Coffee & Sleep: How Does Caffeine Work & Its Effects on Sleep

If you’re like most people, you probably start your day with a cup of coffee or tea. Caffeine is one of the most commonly consumed psychoactive drugs, and it’s found in a variety of sources, including coffee, tea, energy drinks, and chocolate. But how does caffeine work to make us feel more alert? And does the timing in which we ingest caffeine play an important role in whether or not it works for us or against us? Let’s dive deeper into the mechanism behind caffeine and its effects on sleep.

How Does Caffeine Work?

Caffeine is a psychoactive stimulant that works through a variety of mechanisms. One of the mechanisms is a dopamine mechanism. Dopamine is a reward chemical and also an alerting neurochemical. Caffeine seems to play a role in increasing dopamine, but its principal mode of action is on the effects of adenosine.

Adenosine is a chemical that accumulates in our brain from the moment we wake up in the morning. The longer we’re awake, the more adenosine accumulates, which creates sleep pressure. Adenosine is produced when the neurons in our brain combust energy. As our brain is metabolically active throughout the day, adenosine accumulates, and the more adenosine we have, the sleepier we feel.

Caffeine and Adenosine

Caffeine comes into play because it latches onto the welcome sites of adenosine, blocking the effects of adenosine on the brain. When we consume caffeine, it competes with adenosine for the same receptors, which leads to a reduced effect of adenosine. By blocking the effects of adenosine, caffeine makes us feel more alert and awake.

Caffeine’s Effects on Sleep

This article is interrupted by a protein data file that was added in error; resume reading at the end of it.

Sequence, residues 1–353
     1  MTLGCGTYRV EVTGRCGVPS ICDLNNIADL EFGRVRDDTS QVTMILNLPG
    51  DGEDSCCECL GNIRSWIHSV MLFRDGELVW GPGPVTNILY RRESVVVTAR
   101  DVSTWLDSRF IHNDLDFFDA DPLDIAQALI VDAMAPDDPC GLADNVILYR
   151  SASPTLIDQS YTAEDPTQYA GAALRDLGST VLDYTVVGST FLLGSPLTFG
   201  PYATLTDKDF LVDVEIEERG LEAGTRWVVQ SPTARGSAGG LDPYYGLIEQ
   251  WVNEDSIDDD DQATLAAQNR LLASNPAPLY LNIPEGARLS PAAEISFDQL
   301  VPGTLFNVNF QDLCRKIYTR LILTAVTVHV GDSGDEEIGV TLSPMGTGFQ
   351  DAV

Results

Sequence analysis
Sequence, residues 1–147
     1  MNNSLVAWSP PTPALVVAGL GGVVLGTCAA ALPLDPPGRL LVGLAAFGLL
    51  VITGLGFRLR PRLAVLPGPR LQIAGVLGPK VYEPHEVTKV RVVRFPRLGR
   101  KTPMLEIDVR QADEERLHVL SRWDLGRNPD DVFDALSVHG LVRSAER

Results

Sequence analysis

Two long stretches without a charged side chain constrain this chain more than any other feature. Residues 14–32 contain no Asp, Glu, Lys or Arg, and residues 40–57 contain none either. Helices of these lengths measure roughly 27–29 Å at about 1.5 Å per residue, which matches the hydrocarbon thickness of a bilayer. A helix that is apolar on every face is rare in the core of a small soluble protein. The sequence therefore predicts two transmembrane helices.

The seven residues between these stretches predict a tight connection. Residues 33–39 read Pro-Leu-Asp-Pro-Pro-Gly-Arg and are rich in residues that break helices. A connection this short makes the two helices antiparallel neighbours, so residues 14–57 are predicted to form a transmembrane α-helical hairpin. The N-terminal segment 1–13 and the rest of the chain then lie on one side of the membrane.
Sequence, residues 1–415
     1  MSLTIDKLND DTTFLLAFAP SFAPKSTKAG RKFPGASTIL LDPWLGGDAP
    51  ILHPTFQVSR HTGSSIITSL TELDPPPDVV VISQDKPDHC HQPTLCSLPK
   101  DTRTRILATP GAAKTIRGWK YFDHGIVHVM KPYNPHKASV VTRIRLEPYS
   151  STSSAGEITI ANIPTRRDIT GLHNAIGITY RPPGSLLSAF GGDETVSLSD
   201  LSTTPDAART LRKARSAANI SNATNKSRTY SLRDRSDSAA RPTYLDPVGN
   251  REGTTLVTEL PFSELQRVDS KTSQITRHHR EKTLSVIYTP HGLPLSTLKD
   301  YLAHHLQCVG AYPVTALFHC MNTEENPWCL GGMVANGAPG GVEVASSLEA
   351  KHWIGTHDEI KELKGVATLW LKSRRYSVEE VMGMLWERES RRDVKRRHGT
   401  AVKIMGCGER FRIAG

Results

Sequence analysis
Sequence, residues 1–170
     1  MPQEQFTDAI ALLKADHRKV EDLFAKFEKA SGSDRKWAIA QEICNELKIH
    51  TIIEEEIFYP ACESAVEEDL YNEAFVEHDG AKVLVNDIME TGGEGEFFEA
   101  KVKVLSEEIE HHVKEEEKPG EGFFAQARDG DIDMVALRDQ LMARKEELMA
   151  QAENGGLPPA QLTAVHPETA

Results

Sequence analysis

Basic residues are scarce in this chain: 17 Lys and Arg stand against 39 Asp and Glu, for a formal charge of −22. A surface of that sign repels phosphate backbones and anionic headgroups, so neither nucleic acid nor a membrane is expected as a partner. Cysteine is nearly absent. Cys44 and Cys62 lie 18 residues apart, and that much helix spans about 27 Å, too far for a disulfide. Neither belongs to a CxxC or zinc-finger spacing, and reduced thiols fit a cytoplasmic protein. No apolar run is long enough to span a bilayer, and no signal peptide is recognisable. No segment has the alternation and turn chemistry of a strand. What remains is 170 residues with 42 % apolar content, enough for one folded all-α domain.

The effects of caffeine on sleep are complicated. The timing and dose of caffeine can make all the difference. The half-life of caffeine is around 5-6 hours, which means that if you consume caffeine later in the day, it could interfere with your sleep. For some people, even drinking coffee in the morning can disrupt their sleep patterns.

The sleep-promoting effects of adenosine can be delayed by caffeine, and it can take hours for caffeine to wear off completely. Caffeine can affect the quality and quantity of sleep by making it harder to fall asleep, reducing deep sleep, and increasing the amount of time it takes to fall asleep.


Caffeine is a double-edged sword. It can help us feel more alert and awake, but it can also interfere with our sleep. The timing and dose of caffeine are critical in determining its effects on our body. By understanding the mechanism behind caffeine and its effects on sleep, we can make more informed decisions about when and how much caffeine to consume. So, the next time you reach for that cup of coffee or tea, consider the impact it may have on your sleep.